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Ann Surg. 2007 Nov;246(5):771-9.

Proving the effectiveness of virtual reality simulation for training in laparoscopic surgery.

Author information

1
Department of Biosurgery and Surgical Technology, Imperial College London, United Kingdom. rajesh.aggarwal@imperial.ac.uk

Abstract

OBJECTIVE:

The aim of this study was to compare learning curves for laparoscopic cholecystectomy (LC) after training on a proficiency based virtual reality (VR) curriculum with that of a traditionally trained group.

SUMMARY BACKGROUND DATA:

Simulator-based training has been shown to improve technical performance during real laparoscopic procedures, although research to date has not proven the persistence of this effect over subsequent cases.

MATERIAL AND METHODS:

Twenty novice surgeons underwent baseline laparoscopic skills testing followed by a 1-day didactic training session. Control subjects (n = 10) performed 5 cadaveric porcine LCs each; VR-trained subjects (n = 10) completed a VR training curriculum followed by 3 porcine LCs each. A further 10 experienced laparoscopic surgeons (>100 LCs) performed 2 porcine LCs each to define benchmark levels. Technical skill assessment was by motion analysis and video-based global rating scores (out of 35).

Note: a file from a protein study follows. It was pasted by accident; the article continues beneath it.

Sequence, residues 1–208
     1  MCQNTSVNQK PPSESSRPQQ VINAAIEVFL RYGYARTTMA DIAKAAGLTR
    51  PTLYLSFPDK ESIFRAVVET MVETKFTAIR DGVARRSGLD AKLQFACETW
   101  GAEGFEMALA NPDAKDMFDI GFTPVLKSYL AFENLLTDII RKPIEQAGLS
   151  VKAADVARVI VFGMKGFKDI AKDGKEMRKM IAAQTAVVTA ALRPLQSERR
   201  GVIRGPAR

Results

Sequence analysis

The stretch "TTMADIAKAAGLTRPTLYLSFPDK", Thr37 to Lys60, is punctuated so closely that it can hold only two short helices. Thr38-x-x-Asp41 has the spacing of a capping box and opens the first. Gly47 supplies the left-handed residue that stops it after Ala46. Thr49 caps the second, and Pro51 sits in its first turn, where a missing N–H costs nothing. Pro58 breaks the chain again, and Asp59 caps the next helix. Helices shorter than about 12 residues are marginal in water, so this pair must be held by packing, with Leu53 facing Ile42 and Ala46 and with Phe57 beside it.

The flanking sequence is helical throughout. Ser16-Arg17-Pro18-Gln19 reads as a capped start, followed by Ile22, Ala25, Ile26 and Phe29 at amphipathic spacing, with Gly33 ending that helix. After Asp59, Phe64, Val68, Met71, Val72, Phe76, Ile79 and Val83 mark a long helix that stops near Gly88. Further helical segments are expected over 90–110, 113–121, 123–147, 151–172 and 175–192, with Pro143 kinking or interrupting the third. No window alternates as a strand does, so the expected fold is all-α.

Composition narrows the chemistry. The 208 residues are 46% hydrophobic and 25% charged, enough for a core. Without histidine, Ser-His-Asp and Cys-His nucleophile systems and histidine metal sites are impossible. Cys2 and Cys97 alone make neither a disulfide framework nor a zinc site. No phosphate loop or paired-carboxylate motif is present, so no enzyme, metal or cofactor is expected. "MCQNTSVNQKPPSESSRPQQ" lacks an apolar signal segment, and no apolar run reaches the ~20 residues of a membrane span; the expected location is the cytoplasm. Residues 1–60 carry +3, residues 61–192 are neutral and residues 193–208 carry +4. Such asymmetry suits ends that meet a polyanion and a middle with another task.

RESULTS:

There were no intergroup differences in baseline skill. The first LC revealed significant differences between control and VR groups for time (median 4590 seconds vs. 2165 seconds, P = 0.038), path length (169.2 meters vs. 86.8 meters, P = 0.009), number of movements (2446 vs. 1029, P = 0.009), and video scores (17 vs. 25, P = 0.001). The VR group, although not a control, achieved video and dexterity scores equivalent to expert levels of performance.

CONCLUSIONS:

A proficiency based VR training curriculum shortens the learning curve on real laparoscopic procedures when compared with traditional training methods. This may be a more cost- and time-effective approach, and supports the need for simulator-based practice to be integrated into surgical training programs.

PMID:
17968168
DOI:
10.1097/SLA.0b013e3180f61b09
[Indexed for MEDLINE]
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